Thursday, 13 August 2009

The Glamour of Betty

Pin up girl to the American GI's during World War II - her pin up body adorning the sides of American jets, the iconic beauty of this Hollywood actress is lost in contemporary films. Noted and credited for her legs - insured by her film studio for the sum of $1,000,000, she began as a Chorus Girl and went on to grace such films as Follow the Fleet (1936) and Gay Divorcee (1934) alongside Fred Astaire and Ginger Rogers. Her deal in 1940 saw the highlights of her career - Down Argentina Way (1940), Pin Up Girl (1944) and Dolly Sisters (1945).

Betty Grable offers us a glimpse into a forgotten Hollywood and it's films, her appeal may not be as known or as overt in sexuality as Marilyn Monroe, nor her film as breathtakingly rich in dance and singing as Ginger Rogers. While this may be so, she has a aura of a naturalised glamour and "femininity". Her photographic appeal captures her in time, capturing her often staring and gazing deep into us through the camera lens - she stares at us completing and happily as she did in her era and still looks and drawing us in. Her playful charm, lustful and elegant gaze draws us deeply into an era that may have long been forgotten.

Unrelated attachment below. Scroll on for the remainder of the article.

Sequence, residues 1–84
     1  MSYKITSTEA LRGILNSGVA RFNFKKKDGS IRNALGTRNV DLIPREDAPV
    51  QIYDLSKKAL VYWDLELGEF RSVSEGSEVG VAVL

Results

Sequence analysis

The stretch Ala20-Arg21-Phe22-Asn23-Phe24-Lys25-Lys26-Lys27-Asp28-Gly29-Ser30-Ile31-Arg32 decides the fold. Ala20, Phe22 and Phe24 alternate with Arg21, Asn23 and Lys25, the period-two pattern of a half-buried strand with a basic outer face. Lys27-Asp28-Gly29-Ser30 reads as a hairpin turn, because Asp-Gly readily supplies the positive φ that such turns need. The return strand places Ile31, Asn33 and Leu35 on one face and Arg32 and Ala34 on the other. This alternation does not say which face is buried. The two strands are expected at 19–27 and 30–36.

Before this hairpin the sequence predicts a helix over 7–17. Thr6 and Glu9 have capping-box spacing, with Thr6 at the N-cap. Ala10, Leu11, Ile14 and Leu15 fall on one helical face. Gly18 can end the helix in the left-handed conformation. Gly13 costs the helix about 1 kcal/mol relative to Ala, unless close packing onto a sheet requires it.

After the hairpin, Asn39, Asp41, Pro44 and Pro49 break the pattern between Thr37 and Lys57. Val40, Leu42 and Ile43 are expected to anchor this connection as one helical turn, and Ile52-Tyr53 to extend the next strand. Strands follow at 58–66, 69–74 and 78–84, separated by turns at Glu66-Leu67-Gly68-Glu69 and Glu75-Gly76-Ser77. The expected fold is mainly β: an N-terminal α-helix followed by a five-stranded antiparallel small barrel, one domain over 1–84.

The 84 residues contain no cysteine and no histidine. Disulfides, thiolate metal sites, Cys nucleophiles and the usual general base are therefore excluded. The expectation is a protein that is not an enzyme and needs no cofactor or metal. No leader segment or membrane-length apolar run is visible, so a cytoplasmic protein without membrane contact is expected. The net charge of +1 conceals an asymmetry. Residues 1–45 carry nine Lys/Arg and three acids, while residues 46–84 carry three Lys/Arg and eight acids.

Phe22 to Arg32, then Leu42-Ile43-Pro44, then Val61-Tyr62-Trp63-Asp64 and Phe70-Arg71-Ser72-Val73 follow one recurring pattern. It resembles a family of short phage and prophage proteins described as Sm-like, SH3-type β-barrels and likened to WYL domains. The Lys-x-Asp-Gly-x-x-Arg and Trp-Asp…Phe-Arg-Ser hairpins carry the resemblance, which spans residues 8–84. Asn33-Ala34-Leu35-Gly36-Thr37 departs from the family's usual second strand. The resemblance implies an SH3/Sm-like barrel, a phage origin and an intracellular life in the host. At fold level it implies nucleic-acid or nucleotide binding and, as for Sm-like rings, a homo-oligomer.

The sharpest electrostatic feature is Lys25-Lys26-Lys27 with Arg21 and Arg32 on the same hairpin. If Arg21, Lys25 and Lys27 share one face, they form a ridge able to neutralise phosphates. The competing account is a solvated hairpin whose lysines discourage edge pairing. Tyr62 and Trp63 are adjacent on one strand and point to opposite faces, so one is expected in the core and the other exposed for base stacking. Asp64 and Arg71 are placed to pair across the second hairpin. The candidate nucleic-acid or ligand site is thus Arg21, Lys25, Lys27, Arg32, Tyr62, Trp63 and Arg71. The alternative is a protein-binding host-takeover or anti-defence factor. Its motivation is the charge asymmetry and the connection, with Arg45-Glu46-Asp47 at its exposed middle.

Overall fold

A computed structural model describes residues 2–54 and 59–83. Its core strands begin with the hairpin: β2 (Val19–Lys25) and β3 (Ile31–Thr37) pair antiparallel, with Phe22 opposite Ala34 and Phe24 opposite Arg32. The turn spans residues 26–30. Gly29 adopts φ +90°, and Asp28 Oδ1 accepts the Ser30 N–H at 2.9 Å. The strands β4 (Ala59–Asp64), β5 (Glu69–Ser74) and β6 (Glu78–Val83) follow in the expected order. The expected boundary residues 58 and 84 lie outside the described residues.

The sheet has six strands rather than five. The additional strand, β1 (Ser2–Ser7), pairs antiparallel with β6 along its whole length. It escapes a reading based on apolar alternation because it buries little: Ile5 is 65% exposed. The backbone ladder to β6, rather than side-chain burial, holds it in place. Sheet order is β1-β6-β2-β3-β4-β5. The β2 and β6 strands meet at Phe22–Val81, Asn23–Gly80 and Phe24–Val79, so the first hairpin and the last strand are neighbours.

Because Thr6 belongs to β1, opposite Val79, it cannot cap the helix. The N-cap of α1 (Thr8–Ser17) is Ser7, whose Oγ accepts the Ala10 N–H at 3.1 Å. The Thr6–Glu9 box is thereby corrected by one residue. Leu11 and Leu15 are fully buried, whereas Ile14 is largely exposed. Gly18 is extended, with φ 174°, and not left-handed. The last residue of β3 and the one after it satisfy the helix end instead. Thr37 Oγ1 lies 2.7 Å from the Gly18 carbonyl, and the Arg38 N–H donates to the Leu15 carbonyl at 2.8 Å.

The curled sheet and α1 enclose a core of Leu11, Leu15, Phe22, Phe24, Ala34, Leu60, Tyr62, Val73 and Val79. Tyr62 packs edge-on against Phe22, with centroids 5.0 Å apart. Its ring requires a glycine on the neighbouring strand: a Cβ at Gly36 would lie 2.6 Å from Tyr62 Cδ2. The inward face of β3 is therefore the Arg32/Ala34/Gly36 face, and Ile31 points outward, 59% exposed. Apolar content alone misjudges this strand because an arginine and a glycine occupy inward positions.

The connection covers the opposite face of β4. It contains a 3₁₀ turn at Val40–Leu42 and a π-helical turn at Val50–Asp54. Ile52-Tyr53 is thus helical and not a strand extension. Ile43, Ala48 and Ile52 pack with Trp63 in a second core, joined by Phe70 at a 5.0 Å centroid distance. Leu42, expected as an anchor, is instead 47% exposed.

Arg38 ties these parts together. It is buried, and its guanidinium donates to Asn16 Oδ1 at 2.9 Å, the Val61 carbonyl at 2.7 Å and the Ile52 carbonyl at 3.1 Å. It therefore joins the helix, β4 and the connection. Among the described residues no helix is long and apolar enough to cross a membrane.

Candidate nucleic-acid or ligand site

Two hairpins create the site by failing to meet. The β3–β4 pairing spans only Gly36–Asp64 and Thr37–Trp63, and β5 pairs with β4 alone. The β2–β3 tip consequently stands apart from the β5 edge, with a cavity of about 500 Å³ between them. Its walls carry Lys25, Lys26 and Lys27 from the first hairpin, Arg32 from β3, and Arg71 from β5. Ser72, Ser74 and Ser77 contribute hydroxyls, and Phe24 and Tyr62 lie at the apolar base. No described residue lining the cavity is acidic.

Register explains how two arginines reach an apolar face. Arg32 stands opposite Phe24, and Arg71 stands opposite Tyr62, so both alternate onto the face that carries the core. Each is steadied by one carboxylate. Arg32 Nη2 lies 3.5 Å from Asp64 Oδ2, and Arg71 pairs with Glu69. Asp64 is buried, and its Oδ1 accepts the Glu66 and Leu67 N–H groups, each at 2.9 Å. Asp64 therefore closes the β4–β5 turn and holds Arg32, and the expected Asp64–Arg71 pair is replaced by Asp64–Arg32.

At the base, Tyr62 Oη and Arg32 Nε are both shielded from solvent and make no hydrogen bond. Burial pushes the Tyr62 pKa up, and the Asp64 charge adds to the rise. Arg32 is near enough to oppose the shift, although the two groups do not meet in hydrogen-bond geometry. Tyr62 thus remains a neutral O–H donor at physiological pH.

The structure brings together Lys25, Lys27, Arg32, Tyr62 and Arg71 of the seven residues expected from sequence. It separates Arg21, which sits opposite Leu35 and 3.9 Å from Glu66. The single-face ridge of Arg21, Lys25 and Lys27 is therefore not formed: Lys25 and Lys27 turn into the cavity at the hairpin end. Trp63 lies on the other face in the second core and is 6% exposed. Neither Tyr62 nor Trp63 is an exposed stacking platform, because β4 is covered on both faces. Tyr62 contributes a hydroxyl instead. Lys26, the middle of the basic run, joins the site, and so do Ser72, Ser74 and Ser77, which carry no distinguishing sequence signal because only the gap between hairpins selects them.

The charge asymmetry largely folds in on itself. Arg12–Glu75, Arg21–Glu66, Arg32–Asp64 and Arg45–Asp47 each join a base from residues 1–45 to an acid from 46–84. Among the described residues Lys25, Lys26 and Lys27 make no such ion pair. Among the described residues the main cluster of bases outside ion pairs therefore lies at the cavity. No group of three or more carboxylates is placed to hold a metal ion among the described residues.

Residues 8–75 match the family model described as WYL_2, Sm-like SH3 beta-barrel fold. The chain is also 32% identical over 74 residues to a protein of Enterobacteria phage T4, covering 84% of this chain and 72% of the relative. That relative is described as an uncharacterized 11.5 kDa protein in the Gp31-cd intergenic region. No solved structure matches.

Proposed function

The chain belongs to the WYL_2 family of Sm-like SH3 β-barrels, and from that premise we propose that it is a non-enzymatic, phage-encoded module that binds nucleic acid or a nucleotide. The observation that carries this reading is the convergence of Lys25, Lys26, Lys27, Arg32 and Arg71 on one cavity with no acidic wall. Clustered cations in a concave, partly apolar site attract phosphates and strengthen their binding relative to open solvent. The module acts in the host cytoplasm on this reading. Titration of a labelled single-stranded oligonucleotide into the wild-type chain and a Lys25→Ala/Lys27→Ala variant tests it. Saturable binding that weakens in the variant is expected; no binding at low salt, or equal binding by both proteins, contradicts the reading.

Through her dancing and singing, her perfected talent is through her talents and hidden appeal behind Hollywood's overt stars. So much so her influence draws my addiction to inking her as a Pin Up girl on my skin - just when this twenty something finds the money.

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